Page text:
Selection for silage yield and composition did not affect genomic diversity within the Wisconsin Quality Synthetic maize population.
Bottom Line: The Wisconsin Quality Synthetic (WQS) maize population has undergone five cycles of recurrent selection for silage yield and composition, resulting in a genetically improved population.Variation in loss of diversity through drift was observed across the genome.Some large regions experienced much greater loss in diversity than what is expected, suggesting limited recombination combined with small populations in recurrent selection programs could easily lead to fixation of large swaths of the genome.
Affiliation: Department of Agronomy and Horticulture, University of Nebraska, Lincoln, Nebraska 68583 firstname.lastname@example.org.Show MeSH
Mentions: Details on the formation of WQS can be found in Frey et al. (2004) and Gustafson et al. (2010). The breeding protocol utilized to advance WQS is depicted in Figure 1. Briefly, for cycles zero through three, between 400 and 500 S1 families of WQS were initially screened for general agronomic suitability in a high-plant-density replicated trial in South Central Wisconsin. The same S1 families were simultaneously self-pollinated in the breeding nursery. Approximately 50% to 67% of the S1 families were discarded based on the stress trial. During the following season, S1:2 families descended from random plants within selected S1 families are crossed to testers belonging to the Stiff Stalk heterotic group. Resulting topcross hybrids are evaluated at two locations the following summer. Evaluations used standard field plot techniques for silage hybrids to estimate forage yield and composition (Frey et al. 2004; Gustafson et al. 2010).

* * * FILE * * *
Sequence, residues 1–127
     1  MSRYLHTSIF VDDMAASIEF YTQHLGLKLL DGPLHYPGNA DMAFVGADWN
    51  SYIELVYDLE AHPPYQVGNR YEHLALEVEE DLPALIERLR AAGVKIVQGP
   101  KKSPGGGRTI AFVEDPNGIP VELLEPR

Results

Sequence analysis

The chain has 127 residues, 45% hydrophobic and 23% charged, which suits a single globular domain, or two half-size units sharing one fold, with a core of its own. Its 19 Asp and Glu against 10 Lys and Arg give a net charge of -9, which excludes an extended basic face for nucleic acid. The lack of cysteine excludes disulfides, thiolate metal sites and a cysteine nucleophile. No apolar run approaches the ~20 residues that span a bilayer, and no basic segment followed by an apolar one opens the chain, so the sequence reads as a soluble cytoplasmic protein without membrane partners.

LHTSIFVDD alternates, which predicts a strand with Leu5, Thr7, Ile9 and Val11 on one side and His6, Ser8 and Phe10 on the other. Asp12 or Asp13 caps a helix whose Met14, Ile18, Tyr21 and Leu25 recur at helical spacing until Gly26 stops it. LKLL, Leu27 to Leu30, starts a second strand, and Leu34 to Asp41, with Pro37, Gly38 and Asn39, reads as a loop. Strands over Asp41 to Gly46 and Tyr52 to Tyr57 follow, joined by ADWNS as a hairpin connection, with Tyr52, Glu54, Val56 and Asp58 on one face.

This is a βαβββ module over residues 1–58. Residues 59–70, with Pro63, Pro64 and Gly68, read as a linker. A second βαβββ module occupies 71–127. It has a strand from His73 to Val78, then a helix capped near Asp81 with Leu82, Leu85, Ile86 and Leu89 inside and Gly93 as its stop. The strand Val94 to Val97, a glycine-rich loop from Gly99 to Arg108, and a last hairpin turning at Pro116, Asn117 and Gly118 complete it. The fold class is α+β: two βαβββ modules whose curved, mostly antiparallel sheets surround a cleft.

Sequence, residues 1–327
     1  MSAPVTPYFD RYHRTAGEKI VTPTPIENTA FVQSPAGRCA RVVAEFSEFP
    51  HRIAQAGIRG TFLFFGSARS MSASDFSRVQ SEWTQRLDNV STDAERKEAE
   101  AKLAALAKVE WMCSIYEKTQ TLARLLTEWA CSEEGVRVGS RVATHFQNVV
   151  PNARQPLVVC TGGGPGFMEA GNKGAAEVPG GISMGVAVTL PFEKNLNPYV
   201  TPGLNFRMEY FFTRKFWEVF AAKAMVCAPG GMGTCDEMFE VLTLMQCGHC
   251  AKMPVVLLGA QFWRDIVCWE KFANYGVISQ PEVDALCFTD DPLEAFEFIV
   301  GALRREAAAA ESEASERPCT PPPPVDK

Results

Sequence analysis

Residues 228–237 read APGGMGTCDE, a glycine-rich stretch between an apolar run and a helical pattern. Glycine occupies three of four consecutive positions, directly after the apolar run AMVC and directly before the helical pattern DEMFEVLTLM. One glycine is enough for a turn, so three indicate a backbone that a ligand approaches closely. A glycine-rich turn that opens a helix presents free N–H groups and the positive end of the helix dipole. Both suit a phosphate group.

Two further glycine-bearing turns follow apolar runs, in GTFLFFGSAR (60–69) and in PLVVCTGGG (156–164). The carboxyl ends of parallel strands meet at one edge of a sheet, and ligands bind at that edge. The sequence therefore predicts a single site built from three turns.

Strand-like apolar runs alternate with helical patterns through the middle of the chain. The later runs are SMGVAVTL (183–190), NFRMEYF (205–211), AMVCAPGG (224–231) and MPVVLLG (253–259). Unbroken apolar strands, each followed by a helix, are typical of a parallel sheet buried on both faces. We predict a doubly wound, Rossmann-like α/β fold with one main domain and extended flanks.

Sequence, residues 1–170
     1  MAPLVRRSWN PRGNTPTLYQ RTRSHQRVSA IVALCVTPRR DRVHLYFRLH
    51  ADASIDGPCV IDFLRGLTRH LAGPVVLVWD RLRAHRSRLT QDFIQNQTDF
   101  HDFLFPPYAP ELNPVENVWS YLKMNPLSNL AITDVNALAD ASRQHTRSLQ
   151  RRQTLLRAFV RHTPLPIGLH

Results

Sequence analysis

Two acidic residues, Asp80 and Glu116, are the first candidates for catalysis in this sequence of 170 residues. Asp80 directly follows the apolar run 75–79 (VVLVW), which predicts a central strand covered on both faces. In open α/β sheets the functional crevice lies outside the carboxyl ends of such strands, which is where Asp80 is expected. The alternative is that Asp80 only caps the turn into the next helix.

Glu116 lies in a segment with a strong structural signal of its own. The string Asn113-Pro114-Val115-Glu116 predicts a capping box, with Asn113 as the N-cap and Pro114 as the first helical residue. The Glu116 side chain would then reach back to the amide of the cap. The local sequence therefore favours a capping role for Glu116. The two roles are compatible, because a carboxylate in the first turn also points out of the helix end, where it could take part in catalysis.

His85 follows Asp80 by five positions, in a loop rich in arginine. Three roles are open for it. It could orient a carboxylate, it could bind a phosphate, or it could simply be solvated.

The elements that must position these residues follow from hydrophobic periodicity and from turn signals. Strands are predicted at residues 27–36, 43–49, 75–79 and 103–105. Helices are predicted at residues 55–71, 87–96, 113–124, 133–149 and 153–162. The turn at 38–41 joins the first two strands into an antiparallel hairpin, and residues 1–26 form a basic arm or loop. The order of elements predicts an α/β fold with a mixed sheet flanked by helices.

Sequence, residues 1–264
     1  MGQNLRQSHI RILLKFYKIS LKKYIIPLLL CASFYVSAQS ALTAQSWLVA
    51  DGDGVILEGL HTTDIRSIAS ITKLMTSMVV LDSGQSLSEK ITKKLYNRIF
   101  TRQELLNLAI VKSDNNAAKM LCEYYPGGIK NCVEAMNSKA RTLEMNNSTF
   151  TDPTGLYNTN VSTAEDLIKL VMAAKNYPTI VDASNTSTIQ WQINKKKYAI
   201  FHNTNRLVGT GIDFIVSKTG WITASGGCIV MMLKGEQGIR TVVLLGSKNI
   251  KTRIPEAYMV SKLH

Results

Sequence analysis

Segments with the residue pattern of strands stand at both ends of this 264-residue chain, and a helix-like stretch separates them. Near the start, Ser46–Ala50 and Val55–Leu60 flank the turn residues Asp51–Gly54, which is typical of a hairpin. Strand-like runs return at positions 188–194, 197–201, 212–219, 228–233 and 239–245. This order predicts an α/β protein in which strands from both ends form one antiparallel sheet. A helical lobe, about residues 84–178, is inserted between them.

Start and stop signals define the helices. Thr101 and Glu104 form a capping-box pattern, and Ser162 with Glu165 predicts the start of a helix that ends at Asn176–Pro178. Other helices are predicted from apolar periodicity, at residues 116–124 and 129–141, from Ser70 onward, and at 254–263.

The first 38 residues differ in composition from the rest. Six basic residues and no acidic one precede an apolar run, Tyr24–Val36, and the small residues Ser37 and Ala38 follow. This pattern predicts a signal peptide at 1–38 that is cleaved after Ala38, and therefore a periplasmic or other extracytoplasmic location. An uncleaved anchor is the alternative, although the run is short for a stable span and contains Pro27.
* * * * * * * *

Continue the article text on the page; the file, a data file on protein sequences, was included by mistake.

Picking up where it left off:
Affiliation: Department of Agronomy and Horticulture, University of Nebraska, Lincoln, Nebraska 68583 email@example.com.